“A lot of men wear a suit and tie every day, but on the weekend, they put on one of our shirts, and it makes them feel better. It makes them feel different and happy; they are out of the everyday grind.”
Cindy Kirk Designs
Cindy Kirk creating handbags in her home studio in Ketchum. Photo by Kirsten Shultz
A seamstress by trade, Cindy Kirk was on a journey to find the perfect handbag—one that was functional, timeless, and durable. “The purses I came across always had too many flashy things or the shape was all wrong,” she says. “Sometimes I swear they were designed by men who don’t carry them! One day, I thought, ‘You know, I can do this.’”
And so she did.
After she created a bag for herself, a friend insisted she make her one. Kirk dove in.
“Whenever you have a product and put yourself out there, it is scary. That was the biggest thing—my fear of failure,” Kirk says. But she overcame the mental gymnastics and gave herself the opportunity to pursue her goals.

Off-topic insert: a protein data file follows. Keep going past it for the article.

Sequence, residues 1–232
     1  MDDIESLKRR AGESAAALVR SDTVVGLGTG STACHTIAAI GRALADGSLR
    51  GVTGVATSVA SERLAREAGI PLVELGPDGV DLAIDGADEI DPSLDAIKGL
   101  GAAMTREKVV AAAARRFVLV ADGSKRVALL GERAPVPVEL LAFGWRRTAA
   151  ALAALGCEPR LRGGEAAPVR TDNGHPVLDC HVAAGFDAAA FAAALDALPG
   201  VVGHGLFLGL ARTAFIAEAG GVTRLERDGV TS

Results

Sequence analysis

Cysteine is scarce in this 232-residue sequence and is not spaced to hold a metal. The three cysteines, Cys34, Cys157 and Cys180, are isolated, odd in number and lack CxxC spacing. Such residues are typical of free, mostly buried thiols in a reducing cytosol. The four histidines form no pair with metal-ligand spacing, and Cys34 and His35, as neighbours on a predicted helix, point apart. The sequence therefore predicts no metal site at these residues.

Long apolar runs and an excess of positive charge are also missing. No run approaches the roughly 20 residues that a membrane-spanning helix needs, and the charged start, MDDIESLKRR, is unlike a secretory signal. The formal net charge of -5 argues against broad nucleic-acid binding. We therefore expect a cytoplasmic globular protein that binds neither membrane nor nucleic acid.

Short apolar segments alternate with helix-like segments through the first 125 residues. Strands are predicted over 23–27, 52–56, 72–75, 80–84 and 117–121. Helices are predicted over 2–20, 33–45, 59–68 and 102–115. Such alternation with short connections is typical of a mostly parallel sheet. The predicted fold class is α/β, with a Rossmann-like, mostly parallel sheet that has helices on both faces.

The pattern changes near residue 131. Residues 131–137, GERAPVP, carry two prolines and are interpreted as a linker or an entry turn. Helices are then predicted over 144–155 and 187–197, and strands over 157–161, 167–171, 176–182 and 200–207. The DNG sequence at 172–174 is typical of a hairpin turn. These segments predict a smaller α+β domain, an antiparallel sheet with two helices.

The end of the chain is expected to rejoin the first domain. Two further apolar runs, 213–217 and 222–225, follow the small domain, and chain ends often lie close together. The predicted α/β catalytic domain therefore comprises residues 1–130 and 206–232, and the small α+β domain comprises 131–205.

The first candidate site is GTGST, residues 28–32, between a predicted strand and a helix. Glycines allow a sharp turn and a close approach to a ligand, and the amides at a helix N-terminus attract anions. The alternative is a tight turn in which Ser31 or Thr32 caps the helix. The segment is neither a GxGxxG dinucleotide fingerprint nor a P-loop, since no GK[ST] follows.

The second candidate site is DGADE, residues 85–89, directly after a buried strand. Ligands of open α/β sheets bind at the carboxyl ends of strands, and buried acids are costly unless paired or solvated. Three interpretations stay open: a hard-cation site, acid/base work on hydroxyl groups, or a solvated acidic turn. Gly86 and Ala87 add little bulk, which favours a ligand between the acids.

From her home studio in Ketchum, Kirk and her two seamstresses create well-crafted designs inspired by her mountain surrounding and her upbringing on a rural Southern California ranch. Describing her bags as elegant and classic, Kirk’s purses are unlined and simple, with distinctive stitching and soft cow leather in rich neutral hues, deep reds, purples, and more. Giving them an extra personal touch, each style is named for a girlfriend, daughter, or family member.
The handbags can be found at eight boutiques across the country, from Atlanta to Napa, including a strong Sun Valley presence at boutiques like Panache and Sisters. To Kirk, the Sun Valley market allows her to reach a cross-section of the country, with tourists coming from all over. “We get people from all over the world shopping. I now have a few store accounts just by customers carrying a bag in their hometown.”
Looking ahead, Kirk hopes to acquire more stores to carry her bags and increase her online presence, but she also hopes to one day have a Sun Valley showroom.